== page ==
A look at the Industrial court since it reopened

July 1 last year was the day that the court officially opened to the public. However, hearing of the cases did not kick off as expected reason being that there were no funds.
But three months later, the Finance ministry released funds and the court that is headed by Justice Asaph Ntengye Ruhinda, who is called the chief judge, on November 4, commenced hearing the cases. The other judge of the court is Lillian Tumusiime Mugisha.
Justice Ntengye says currently the court is holding a session aimed at disposing of more than 20 cases by close of December.
According to the Acting Deputy Registrar of the court Gladys Nakibuule the court has so far received 249 files that were referred to it from the Civil Division of the High Court that are labour related in nature.
Further breaking down the nature of files that the court has received so far, Nakibuule said 10 files were directly filed by litigants at the court registry, 11 files were referred to it by the Gender and Labor ministry which is the line ministry, 11 files are for appeal from the gender ministry and five files are applications.
Outgoing Deputy Registrar of the Civil Division of the High Court Charles Emuria had in an earlier interview with this newspaper explained that it’s only those labour related files that had not been heard that were to be referred to the revived Industrial Court.
He explained that those files, 83 in number, that had been partly heard by the judges at the Civil Division were to remain behind and be heard to their logical conclusion.
But the Chief Judge is optimistic that with the reviving of the Industrial Court, Ugandans will have job security amidst the rampant unemployment on grounds that the nature of arbitration in this set up is amicable as compared to the traditional way of litigation in other courts.He stressed that the court plays a big role in social development by minimising on exploding strikes by workers who could have had accumulated labour discontent that were unresolved for a long time.
The court was established under section 7 of the Labour Disputes (Arbitration and Settlement) Act, 2006 to settle unresolved disputes between employers and trade unions over terms and conditions of employment.
Nakibuule mentioned some of the common registered labour disputes as employer to employee relations, dismissals, salary arrears, among others.

Challenges
However, not all is rosy, the labour court has so far faced a number of challenges.
Justice Ruhinda explained that most of the support staff like the process servers, court clerks, have not been approved in the ministry of Public Service structure.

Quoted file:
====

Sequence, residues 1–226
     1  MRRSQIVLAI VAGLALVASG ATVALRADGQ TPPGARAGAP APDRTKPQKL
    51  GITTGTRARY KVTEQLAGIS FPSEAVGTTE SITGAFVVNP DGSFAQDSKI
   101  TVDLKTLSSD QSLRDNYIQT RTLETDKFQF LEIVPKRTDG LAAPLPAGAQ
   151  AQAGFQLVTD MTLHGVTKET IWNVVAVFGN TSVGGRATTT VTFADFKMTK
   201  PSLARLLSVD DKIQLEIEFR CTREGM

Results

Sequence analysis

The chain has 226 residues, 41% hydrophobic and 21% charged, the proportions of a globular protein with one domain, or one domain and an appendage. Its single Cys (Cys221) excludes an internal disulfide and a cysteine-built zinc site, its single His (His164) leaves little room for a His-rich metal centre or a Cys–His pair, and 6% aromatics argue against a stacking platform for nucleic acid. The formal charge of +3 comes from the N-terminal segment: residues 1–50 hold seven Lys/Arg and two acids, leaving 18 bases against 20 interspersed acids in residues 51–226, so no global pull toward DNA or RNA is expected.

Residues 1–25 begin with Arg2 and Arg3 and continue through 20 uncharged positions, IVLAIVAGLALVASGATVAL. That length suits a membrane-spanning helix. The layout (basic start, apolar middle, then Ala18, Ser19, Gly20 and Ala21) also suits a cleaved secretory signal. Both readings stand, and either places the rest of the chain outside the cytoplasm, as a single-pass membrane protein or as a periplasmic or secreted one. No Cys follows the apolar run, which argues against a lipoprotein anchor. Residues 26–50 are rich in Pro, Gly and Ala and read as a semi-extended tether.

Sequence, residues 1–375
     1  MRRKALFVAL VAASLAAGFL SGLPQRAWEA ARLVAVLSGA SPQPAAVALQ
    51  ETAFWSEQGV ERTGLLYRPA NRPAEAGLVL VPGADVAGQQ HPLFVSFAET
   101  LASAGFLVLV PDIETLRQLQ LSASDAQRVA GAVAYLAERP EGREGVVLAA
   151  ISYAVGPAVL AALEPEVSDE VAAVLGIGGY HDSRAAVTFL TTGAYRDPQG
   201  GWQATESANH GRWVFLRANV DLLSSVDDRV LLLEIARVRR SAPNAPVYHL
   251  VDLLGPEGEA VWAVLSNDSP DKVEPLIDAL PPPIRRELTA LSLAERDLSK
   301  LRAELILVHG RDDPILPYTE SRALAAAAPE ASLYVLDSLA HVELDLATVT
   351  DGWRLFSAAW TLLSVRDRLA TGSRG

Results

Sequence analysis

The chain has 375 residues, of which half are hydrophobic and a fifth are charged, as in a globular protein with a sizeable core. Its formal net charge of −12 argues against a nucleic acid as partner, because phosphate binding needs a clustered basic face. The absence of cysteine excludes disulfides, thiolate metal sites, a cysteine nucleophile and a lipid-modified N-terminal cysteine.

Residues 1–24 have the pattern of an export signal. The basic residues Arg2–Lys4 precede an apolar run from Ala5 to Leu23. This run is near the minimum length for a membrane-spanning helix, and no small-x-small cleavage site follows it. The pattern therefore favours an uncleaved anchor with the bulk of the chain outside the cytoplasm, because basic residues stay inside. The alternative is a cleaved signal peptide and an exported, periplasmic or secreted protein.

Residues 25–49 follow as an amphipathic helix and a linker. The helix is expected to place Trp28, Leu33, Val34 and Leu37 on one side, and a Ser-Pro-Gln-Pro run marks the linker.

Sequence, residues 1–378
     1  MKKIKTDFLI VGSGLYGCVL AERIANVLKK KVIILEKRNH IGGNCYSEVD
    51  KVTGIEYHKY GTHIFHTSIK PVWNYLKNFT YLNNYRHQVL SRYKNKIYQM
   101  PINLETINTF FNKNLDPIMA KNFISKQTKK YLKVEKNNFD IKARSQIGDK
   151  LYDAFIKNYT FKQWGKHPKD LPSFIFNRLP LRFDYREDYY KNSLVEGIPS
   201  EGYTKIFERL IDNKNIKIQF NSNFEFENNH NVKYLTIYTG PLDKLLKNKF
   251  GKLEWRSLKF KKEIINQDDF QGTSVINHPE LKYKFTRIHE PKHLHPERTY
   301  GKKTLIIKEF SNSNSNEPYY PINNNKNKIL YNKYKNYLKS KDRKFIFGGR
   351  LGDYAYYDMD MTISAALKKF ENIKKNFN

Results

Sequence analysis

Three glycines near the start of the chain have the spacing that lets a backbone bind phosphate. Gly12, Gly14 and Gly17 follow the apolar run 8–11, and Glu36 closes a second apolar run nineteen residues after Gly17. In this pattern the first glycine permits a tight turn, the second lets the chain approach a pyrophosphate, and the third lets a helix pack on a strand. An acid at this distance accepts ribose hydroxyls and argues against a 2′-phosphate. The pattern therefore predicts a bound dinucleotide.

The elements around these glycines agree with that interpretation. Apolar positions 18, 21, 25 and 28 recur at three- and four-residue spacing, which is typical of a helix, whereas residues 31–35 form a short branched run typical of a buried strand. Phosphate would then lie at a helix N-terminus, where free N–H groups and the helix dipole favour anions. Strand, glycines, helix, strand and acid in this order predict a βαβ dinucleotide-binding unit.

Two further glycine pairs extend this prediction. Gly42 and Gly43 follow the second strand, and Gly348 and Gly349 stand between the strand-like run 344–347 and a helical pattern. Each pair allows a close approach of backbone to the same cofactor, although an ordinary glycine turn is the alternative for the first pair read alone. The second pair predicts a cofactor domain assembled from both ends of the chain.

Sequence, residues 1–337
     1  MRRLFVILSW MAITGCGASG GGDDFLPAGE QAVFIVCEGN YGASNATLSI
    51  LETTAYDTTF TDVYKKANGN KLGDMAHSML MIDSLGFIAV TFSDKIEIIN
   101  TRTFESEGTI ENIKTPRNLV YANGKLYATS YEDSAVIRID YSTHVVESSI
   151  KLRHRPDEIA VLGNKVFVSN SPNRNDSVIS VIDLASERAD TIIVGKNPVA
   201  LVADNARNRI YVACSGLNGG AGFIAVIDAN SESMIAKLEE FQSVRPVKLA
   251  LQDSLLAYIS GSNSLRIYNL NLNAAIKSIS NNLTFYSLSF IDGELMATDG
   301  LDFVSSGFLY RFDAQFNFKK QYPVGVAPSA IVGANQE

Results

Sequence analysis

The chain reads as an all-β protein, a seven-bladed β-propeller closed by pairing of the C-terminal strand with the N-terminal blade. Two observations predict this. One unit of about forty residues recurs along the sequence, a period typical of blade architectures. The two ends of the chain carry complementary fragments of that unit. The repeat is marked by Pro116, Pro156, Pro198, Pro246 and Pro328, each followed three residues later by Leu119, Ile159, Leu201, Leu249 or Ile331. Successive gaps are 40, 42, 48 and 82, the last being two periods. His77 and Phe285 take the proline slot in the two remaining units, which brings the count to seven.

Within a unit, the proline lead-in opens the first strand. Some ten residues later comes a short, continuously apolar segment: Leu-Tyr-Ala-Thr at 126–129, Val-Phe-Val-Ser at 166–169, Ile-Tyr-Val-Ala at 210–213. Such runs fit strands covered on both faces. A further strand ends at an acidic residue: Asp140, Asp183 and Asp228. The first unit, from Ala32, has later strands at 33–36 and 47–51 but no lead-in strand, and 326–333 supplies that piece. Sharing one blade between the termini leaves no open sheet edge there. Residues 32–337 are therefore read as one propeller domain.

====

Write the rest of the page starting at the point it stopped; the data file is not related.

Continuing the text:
He added that even the registrar of the court who is the administrator of the court is just borrowed from the main stream judiciary as she is not properly employed according to the court’s rules.
Limited courtroom space, and litigants not knowing the physical location of the court are some of the other bottlenecks that the court is experiencing.
In an earlier interview with Dr Sam Lyomoki who is also the Secretary General of the Central Organisation of Trade Unions (Coftu), he said the reviving of the court was attributed to the pressure from mainly labour organisations following increasing labor disputes between employees and employers.
Dr Lyomoki attributed the prolonged inactiveness of the court to the appointing authority — President Museveni– for delaying to appoint judges to hear the cases.
Pius Bigirimana speaks out
The brain behind the revival of this court is the permanent secretary ministry of Gender, Labour and Social Development, Pius Bigirimana.
In a recent interview with this newspaper, Bigirimana explained of how he saw it prudent to have the court revived immediately he assumed his new office about two years ago.
He said there were so many labour related disputes that he saw it urgent to revive the industrial court to hear those cases.
“I found it necessary to revive the industrial court as there were so many workers disputes like occupational saftey, lack of protective gears among others..” said Bigirimana
He added: “Because of lack of the Industrial Court, some people like ministers had hijacked the situation and were politicising it which was not good”
Explaining his crucial role in the revival of the l court, Bigirimana said he contacted the Judicial Service Commission to hunt for two judges of the court.
He added he even sat on the interviewing panel that interviewed the candidates for the judges’ positions.
When asked on what could have led to the closure of the court initially.
Bigirimana did not have a definite answer but said it could have been due to lack of attention, funding and personnel.

About the court
The Industrial Court was established under the Trade Disputes (Arbitration and Settlement) Act, 1964 to settle unresolved disputes between employers and trade unions over terms and conditions of employment.
The court was further established under section 7 of the Labour Disputes (Arbitration and Settlement) Act, 2006. The Court is headed by High Court Judge who is now called Chief Judge.
Its purpose is to arbitrate on labour disputes by aggrieved parties whose complaints have not been settled by eitheror District Labour Officers and the Commissioner for Labour.
The court has the same status as a High Court and its administrative head is the registrar of courts.
The decision of the Industrial Court on a matter is final. However, appeals to the Court of Appeal on a point of law or whether the court had the jurisdiction to hear a case can be made by a party which is not satisfied with the court’s decision.

SOURCE: Daily Monitor

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